Tiveden National Park
Foto: Fredrik Wilde

Plant life

Because of the varied topography, the Tiveden National Park is characterised by a small-scale mosaic of different coniferous forest environments.

In the higher locations, you find the most conspicuous types of nature and what you first think of when Tiveden National Park is mentioned: the flat-rock pine forest. The pines are often close to 200 years old and sometimes 300 years old, despite the fact that they may look small and thin. The barren environment causes them to grow slowly. On rocky ground reindeer lichen and various mosses predominate. The field layer is rather sparse. Where there is a little soil in which to grow, shrubs such as lingonberry and heather take root.

If the layer of soil becomes even a little thicker, spruce can grow, but there is a dearth of deciduous trees. More lush forests are found down in the rift valleys and in small hollows. Species that require more nutrients – such as hepatica, wood vetch, fingered sedge, wood anemone and hazel – also flourish in some places. Where there is a lot of moisture, small bogs and swamps form, emitting the scent of marsh Labrador tea and bog myrtle.

A special environment for plants that is in plentiful supply in Tiveden is boulder and rock walls sloping at different angles. Here you can find mosses and lichens that grow in the shade and moisture or sometimes on the opposite side in a place more exposed to the sun. On the trunks of older pines and deciduous trees, there also are many rare mosses, lichens and fungi.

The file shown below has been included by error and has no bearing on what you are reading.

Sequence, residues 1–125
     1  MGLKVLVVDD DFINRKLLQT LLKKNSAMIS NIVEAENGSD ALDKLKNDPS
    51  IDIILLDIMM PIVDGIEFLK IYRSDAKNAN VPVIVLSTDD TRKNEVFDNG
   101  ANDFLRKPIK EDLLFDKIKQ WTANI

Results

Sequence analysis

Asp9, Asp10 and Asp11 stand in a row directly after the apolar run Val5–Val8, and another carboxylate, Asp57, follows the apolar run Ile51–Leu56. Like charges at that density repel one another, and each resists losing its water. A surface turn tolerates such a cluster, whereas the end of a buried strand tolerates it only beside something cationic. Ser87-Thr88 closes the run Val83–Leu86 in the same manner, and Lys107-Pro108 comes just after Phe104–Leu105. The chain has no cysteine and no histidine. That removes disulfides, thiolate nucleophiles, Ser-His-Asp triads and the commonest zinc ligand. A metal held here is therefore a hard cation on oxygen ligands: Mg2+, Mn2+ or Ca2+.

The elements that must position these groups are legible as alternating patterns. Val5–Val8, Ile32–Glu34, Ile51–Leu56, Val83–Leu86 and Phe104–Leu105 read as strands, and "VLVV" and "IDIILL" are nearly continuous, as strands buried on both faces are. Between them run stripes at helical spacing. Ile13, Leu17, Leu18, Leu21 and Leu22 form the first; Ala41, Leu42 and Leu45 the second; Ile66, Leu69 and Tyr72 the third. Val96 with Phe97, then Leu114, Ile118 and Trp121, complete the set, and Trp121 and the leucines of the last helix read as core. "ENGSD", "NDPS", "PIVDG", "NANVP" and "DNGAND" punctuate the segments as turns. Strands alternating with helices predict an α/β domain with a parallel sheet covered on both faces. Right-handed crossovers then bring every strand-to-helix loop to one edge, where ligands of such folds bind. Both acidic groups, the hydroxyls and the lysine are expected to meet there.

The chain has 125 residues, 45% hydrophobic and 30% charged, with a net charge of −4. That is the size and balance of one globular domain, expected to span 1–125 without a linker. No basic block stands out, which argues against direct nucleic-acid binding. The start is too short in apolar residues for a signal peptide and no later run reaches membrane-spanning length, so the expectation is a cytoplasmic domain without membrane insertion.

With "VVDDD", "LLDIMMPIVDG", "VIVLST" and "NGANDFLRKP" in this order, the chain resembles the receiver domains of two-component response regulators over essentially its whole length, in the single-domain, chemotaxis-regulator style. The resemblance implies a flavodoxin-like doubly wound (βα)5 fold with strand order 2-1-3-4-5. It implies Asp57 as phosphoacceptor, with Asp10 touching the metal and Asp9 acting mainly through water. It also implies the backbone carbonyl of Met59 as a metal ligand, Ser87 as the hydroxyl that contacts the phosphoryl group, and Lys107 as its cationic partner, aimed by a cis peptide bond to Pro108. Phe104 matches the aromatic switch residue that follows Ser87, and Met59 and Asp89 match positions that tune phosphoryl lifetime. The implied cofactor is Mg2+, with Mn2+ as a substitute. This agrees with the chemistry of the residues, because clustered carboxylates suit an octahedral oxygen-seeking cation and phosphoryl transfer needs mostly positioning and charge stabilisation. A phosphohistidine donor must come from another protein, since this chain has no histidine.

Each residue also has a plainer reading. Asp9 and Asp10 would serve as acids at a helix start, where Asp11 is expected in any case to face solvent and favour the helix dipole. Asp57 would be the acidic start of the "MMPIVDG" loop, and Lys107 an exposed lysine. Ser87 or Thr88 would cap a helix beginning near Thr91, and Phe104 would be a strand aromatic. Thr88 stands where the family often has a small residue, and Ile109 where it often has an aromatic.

Life-giving fire

The forest growing in Tiveden today has emerged to a large extent after fires in the beginning and middle of the 19th century. Almost everywhere in the national park, there is charred wood a short way down in the soil. It is a trace of forest fires. Here and there charred stumps also appear and sometimes even visible fire damage at the base of living trees, especially on old pines. One particular pine tree next to Stenkälla survived the major fire of 1835. Damage to the bark – known as a fire scar – indicates the direction of the fire, since the mark always appears on the side of the trunk away from the wind.

Studies conducted in the forests of Tiveden indicate that they have burned on at least 86 occasions between 1371 and 1853. Many of the fires, especially the earlier ones, were extensive and covered not just large parts of the national park but also areas outside its boundaries. In one location the forest burned on average every twentieth year. The fires that ravaged Tiveden could have been caused by people, of course. But in the past fires were a natural phenomenon in the primeval forest. They made room for new generations of forest. Fire also shapes the forest. Among other things, it favours pine trees and is detrimental to spruce.

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